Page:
Pacific Coast Fishing
The Pacific coast of Costa Rica offers excellent offshore sport fishing opportunities up and down the coast. The most commonly targeted fish by anglers are marlin and sailfish. Wahoo, mahi-mahi and yellow fin tuna are also common. The best fishing for all of these species is on the continental shelf, which is about 15 – 20 miles offshore, depending on where you start from. The Golfo Dulce, located in southern Costa Rica is an exception as deep waters can be found within a couple miles of shore. It is one of the best places in the world for bill fishing with numerous world record catches caught by captains and boats in the area.
Fisherman that do not want to spend the time and money to target offshore fish can have a great experience fishing for roosterfish, snapper and snook closer to shore.
Fishing in Costa Rica is not cheap, with the average full day (8 hours) of offshore fishing priced in the $1,200 range. Inshore fishing will usually cost around $300 – $600 depending on whether you go for a full or half day. You will not find shared boats that you can join. Boats in Costa Rica are only available as a private charter unless you find someone to split the cost with you in advance.
While there is good fishing in Costa Rica, it is essential to utilize the services of a good, experienced captain. An experienced captain will find the fish and put you on them. An inexperienced captain will usually equate to a long, expensive day with nothing to show for it.
Bill fishing is good from December through July, though fish can be caught year round. The best months are February through May.
The Caribbean coast is well-known as a top destination for tarpon fishing. Good tarpon fishing can be found just a few miles offshore or in the rivers at certain times of the year. The tarpon grow big in Costa Rica, with many growing up to 200 pounds. Similar to offshore fishing on the Pacific coast, you will want to hire an experienced and reputable captain and boat.
The mangroves in the northern Caribbean provide good fishing for guapote and snook. Both fish are fished similarly to the way you would fish bass in the United States.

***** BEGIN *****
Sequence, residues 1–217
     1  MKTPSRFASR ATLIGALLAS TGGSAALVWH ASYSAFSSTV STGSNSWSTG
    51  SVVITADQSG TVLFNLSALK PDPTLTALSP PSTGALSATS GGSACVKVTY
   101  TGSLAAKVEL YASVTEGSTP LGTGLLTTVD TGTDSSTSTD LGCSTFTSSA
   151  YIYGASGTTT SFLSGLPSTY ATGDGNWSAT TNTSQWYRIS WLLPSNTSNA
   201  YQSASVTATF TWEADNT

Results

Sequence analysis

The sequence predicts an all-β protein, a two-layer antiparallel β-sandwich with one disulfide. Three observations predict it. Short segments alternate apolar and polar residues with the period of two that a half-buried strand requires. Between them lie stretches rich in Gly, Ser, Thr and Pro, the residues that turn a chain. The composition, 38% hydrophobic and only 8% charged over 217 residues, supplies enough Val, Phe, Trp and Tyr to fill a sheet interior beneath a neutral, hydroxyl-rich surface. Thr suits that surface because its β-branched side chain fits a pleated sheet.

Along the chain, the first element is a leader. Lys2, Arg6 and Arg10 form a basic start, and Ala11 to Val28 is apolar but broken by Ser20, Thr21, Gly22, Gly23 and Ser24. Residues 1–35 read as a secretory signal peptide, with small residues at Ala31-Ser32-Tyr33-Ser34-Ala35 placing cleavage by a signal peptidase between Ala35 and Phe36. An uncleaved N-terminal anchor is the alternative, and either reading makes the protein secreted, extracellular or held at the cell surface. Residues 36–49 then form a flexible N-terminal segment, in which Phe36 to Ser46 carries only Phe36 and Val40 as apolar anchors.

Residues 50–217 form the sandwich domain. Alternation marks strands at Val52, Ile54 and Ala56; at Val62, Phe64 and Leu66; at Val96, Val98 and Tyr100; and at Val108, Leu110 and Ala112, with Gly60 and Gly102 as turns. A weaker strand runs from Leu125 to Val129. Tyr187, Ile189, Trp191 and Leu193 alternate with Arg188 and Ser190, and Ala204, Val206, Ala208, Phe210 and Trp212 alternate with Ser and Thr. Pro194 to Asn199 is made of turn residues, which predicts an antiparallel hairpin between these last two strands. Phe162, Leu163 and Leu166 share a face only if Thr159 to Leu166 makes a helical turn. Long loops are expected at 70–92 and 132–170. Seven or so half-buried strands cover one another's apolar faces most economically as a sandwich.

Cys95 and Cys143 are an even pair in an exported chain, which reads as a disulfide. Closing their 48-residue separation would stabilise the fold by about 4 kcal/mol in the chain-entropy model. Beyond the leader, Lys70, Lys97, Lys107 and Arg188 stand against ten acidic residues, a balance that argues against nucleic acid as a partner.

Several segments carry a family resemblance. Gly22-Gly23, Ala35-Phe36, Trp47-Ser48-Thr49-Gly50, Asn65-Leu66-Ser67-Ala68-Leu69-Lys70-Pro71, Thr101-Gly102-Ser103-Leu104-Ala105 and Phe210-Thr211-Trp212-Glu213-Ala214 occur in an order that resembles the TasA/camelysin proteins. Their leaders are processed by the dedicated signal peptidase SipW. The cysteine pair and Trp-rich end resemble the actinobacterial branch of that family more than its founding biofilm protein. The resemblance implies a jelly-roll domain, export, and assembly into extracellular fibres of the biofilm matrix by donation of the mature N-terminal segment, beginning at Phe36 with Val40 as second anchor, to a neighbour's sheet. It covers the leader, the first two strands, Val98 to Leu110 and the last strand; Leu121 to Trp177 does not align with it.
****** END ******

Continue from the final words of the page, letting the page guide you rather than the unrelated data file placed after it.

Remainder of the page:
The reef fishing off the Caribbean coast is pretty good as well. The only problem is finding a good guide as there are few on the southern Caribbean coast.
Freshwater Fishing in Costa Rica
Fishing on Lake Arenal
Lake Arenal is the largest freshwater body in Costa Rica. It is a man-made, dammed lake which was created by ICE for the generation of electricity back in the 1970s. Over the years the lake has evolved into an excellent fishery.
Lake Arenal offers anglers a chance at catching several species of cichlids as well as machaca. The most common cichlid anglers go after is the guapote, specifically “Parachromis dovii”.
Guapote can grow in excess of 10 pounds, though the average fish is in the 3 pound range. They feed on insects and baitfish. Anglers fish them similar to the way you would fish for a smallmouth bass. They will hit top water lures such as buzz baits or stick baits near weed lines in the early morning and evening. Deep diving crankbaits work better from 7am – 5pm.
Machaca are like a toothy miniature tarpon. They can grow up to 8 pounds or more, though they average around 2 pounds. Machaca will hit top water or crank baits just a guapotes will. They have large teeth, so be careful not to place your fingers near their mouths.
Lake Coter Fishing
Also, referred to as Lake Cote, Lake Coter is excellent for guapote fishing. The only problem is the entire shoreline is private property. That said, there are a couple of local guides that have access. Casting crankbaits or trolling them is the best method for fishing Lake Coter.
Other Freshwater Locations
There is pretty good fly fishing for machaca on a little river that feeds Lake Arenal near Castillo. If you follow the dirt that leads to Rancho Margot all the way to the end, you can access the river.
There is actually decent trout fishing in the upper Rio Savegre, near San Gerardo de Dota. Someone stocked rainbow trout years ago and they can still be caught if you go far enough off the beaten path.
A Word to the Wise
The best price rarely translates to a good day of fishing. It usually translates to money and a day of your vacation lost. If you do pick up a boat off of the beach, ask to see their gear first and also make sure you tell them that you expect for them to bring the bait with you versus catching it. If they do not have bait, keep in mind, you will likely spend half of your fishing trip catching bait.
Costa Rica Sport Fishing Map
We have also created a Costa Rica sport fishing map for a more visually appealing presentation that will allow you to see when and where to catch the big one.